The Power of Prayer
“I pray because I can’t help myself. I pray because I’m helpless. I pray because the need flows out of me all the time, waking and sleeping. It doesn’t change God. It changes me.” – C.S. Lewis
Time stopped for the Clark family in April of 2017.
Daughter Caroline was closing out her junior year of high school, her eyes set on the podium in the state discus competition, but her goals quickly changed when she had first one seizure, then a second.
The MRI her doctor ordered revealed the cause of the seizures: a brain tumor. Caroline needed surgery—quickly. It was the call every parent worries about receiving, Greg Clark, Caroline’s dad, said. A flurry of medical tests followed, and the last stop before surgery was the Preoperative Evaluation Clinic at Floyd Medical Center.
Sixteen-year-old Caroline and her family knew where her tumor was. They didn’t know whether it was malignant or benign. The unknowns fueled their collective anxiety, battling against a faith that aimed to keep them strong.
Sometimes the universe, or if your faith allows it, God, aligns people and places in a way that is nothing short of beautiful. In this case, the beauty came in the form of Rhonda Argo.
Rhonda works in the Preoperative Evaluation Clinic. She and the Clarks had become friends through their daughters. Rhonda knew Caroline’s diagnosis, and she had prepared for the teenager’s appointment.
The appointment went smoothly. Caroline was cleared for surgery, but before she was dismissed, Rhonda and the rest of the staff had one last request. Rhonda had rallied Caroline’s care team to meet in her room. There, in the sterile space of lab tests and stethoscopes, 11 Floyd employees gathered around the Clarks, and they prayed.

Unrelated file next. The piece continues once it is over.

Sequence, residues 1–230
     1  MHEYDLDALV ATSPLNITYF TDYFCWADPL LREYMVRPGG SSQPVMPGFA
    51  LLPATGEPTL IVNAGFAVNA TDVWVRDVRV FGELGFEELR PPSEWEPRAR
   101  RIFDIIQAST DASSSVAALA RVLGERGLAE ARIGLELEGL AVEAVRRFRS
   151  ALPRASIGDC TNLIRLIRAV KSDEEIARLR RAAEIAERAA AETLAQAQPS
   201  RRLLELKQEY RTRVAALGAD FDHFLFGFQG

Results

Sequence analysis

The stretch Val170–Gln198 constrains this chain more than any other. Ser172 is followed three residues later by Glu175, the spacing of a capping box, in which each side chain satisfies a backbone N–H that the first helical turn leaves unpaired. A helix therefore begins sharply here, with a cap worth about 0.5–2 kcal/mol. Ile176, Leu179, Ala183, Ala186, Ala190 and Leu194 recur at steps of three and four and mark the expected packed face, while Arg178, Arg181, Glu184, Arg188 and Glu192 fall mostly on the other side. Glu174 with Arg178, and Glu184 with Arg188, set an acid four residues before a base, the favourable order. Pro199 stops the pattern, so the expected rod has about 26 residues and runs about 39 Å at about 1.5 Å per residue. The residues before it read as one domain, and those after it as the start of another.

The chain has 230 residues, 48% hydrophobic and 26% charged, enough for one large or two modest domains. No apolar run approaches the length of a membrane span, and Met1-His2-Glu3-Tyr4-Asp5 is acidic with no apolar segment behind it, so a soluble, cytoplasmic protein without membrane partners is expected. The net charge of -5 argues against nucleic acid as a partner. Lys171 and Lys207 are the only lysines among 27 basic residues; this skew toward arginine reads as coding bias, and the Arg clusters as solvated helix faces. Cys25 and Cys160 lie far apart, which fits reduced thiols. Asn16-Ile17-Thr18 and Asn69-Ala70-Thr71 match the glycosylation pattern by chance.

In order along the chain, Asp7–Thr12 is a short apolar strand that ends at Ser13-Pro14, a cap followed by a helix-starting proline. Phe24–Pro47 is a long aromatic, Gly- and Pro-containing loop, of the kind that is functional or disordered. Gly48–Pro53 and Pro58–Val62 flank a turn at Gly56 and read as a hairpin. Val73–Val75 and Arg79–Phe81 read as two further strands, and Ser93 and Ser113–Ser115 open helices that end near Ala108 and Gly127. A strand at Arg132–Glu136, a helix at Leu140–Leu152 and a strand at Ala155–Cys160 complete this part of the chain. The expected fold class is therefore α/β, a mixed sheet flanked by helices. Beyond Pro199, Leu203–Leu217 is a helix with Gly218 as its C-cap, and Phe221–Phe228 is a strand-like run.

That prayer was good medicine. It provided an added measure of assurance that Caroline’s care was in the hands of experts, and, Greg said, and a reminder that their heavenly Father was actively looking after her. That time of prayer, he said, literally and tangibly lightened the weight of the anxiety his family had been feeling. There could not have been a more meaningful or impactful gesture of faith and caring.
Caroline’s surgery was a success. Her tumor was benign. Caroline returned to the field for her senior season, finished second in the state in discus throw and graduated near the top of her class. Today, she is finishing up her freshman year at the University of Georgia and has no ill effects from her tumor or her surgery.
Greg has a photo on his phone that one of the clinic employees took the day they prayed over Caroline. He keeps it as a reminder that life is good and that the care provided at Floyd goes more deeply than an MRI or a blood test. The Preoperative Evaluation Clinic is a critical piece of the care that Floyd provides, Greg said. The staff not only prepares patients and their families for the physical part of their surgery journey, but the staff also addresses the emotional and spiritual support that is just as important. It is care that extends to the heart and the soul.